Hundreds of millions of Leica, Canon, Nikon and other still camera users have been playing in the fields of Full Frame for almost a century, ever since Oskar Barnack turned standard 35mm motion picture sideways and introduced the 24x36mm format.
Full Frame 24x36mm format (FF) for Cine is barreling towards us. Sony recently launched the new a9 still camera that does quite decent video. At Cine Gear, Sony announced an imminent Full Frame cine camera. RED VV 8K, ARRI Alexa 65 and Panavision DXL are already dazzling directors and DPs with the allure of compelling, larger formats.
Lots of Full Frame and Large Format cine lenses are already here: from Leica, Cooke, ZEISS, Sigma, Angenieux, IB/E Optics, Panavision, ARRI, Schneider, Canon, Sony and others.
These and many more FF still photography lenses can be used directly, or with mount adapters, on new Full Frame mirrorless still cameras—Sony a9, Leica M10 or Leica SL. The interesting thing in this world of short flange back digital Full Frame is the ability of the camera to accept existing S35 and APS-C lenses and crop/window them seamlessly.
To help with the simple math of figuring out focal length equivalents and depth of field differences between Super35 to Full Frame 24x36mm format, we consulted with the usual suspects—ASC Manual, Kelly calculators, David Eubank’s pCam, Toland, charts, books and apps. Two phone calls settled the matter. Thanks to Howard Preston and Iain Neil for help.
In the highly “scientific” labs of Film and Digital Times, we lined up a ruler, a toy turkey and two Japan Airlines chopstick holders to measure depth of field and field of view. The examples below were shot on a Sony a9 (E-mount, 18mm flange depth) with ZEISS Batis 18mm Full Frame E-mount and ZEISS Touit 12mm APS-C/S35 E-mount lenses. Your “mileage” will vary with the various sizes of sensors (Alexa 65, RED VV 8K, Panavision DXL, etc.)
To choose an FF lens with the same angle of view as your familiar S35, multiply the S35 lens by 1.5. Or divide the FF lens by 1.5.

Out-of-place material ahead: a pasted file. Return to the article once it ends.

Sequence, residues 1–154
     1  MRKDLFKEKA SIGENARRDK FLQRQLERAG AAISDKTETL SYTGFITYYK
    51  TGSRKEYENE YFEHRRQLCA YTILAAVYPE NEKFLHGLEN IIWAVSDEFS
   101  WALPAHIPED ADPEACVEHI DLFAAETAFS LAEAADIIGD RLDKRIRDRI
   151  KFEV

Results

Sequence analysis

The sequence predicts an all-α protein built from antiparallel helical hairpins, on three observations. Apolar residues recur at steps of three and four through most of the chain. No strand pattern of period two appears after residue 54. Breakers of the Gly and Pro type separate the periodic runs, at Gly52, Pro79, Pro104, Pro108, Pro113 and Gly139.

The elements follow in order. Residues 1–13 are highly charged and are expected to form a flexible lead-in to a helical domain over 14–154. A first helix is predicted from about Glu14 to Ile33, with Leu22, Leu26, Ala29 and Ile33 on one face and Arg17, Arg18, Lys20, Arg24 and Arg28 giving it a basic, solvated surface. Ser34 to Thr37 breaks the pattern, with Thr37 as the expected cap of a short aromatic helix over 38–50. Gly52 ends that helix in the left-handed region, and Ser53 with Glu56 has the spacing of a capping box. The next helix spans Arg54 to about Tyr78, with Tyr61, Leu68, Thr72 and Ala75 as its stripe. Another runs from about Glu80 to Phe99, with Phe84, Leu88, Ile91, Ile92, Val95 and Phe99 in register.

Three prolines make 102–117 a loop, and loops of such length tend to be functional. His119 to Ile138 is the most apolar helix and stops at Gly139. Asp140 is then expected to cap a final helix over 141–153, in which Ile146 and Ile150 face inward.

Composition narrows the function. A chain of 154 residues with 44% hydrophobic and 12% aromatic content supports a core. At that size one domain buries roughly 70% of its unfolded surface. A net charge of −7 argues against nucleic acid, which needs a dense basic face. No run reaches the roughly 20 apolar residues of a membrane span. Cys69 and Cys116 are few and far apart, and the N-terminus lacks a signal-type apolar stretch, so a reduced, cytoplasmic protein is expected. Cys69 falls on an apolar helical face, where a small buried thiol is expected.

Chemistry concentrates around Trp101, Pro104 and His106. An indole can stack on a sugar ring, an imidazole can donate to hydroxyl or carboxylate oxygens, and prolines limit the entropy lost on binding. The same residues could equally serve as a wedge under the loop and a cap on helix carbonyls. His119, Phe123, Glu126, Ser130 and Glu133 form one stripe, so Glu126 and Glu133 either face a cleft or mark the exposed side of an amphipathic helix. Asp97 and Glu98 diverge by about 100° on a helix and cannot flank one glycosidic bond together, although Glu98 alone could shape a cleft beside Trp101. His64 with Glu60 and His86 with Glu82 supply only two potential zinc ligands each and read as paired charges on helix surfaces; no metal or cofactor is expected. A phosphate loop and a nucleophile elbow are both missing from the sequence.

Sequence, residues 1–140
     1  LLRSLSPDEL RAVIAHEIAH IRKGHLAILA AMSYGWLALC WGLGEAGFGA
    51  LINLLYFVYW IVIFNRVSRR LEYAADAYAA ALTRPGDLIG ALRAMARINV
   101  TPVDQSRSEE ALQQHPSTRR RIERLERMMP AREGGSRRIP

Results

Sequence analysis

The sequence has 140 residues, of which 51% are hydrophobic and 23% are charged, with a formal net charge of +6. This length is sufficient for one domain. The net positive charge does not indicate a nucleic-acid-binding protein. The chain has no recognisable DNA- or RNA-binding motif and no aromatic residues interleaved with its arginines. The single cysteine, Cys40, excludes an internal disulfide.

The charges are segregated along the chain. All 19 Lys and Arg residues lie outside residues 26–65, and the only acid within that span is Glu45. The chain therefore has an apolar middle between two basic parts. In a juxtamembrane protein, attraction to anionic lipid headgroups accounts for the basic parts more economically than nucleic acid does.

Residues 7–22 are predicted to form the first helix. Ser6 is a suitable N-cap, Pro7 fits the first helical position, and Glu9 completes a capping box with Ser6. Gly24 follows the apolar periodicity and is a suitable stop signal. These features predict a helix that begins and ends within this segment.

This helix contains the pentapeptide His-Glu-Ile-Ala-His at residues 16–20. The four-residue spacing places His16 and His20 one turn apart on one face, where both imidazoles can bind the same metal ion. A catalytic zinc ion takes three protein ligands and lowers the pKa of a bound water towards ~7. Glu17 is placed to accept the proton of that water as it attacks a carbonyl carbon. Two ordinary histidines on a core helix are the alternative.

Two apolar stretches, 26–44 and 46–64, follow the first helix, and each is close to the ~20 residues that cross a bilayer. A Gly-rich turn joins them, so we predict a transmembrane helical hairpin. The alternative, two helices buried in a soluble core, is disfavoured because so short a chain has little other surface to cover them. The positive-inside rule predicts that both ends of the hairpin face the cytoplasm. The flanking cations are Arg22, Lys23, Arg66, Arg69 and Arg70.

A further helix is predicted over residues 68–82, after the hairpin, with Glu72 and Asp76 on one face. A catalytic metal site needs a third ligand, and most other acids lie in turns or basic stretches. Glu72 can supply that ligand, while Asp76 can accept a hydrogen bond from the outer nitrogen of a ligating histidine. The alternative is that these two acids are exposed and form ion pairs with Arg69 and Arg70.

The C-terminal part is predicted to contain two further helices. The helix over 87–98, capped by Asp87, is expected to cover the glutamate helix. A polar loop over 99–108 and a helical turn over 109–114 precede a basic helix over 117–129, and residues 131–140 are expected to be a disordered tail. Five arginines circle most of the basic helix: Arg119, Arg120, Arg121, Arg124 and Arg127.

The difference in depth of field between FF and S35 lenses with the same angle of view is the equivalent of 2 stops.
Quick Q & A
Q: What happens when you put an S35 lens on an FF camera?
A: See these photos, below:
And what about an FF lens on an S35 camera?
Q: What happens when you put an FF lens on an S35 camera?
A: It looks the same as a S35 lens would look. So, an 18mm FF lens on an S35 camera looks exactly like an S35 lens on an S35 camera.
Q: You have a Super35 (18×24 mm) 12mm lens. What is the Full Frame (24×36 mm) equivalent to get the same field (angle) of view?
A: 18mm. Multiply the Super35 focal length by 1.5. So, for the same angle of view, a 12mm in Super35 is similar to an 18mm in Full Frame.
Q: Is the depth of field the same?
A: No. The depth of field is not the same. At the same aperture, you get the equivalent of 2 stops less (shallower) depth of field with the FF lens compared to Super35. Careful: when calculating, use the same circle of confusion (e.g. 0.03mm / 0.001 inch), or the same lens chart. Do not be tempted by the trap of consulting separate FF and S35 charts—because they usually figure on different CoC values.
So, in the examples here, an S35 12mm lens at T2.8 gives you the same depth of field as an FF 18mm lens at T5.6. Put another way, a Full Frame 18mm lens at T2.8 has the equivalent depth of field of a Super35 12mm lens at T1.4. That’s all familiar territory.
And what of fast Full Frame lenses like Leica’s M 0.8 Summilux f/1.4 or Sigma’s new FF High Speed Prime Cine T1.5? Remember the 2-stop difference—wide open these lenses afford the shallowness of an S35 lens hovering around an astonishing equivalent of T 0.67.
DPs love the new creative possibilities. The Gods of Focus (stellar Camera Assistants) are embracing the new format, confident in their own talents with the help of wonderful new focus assist tools.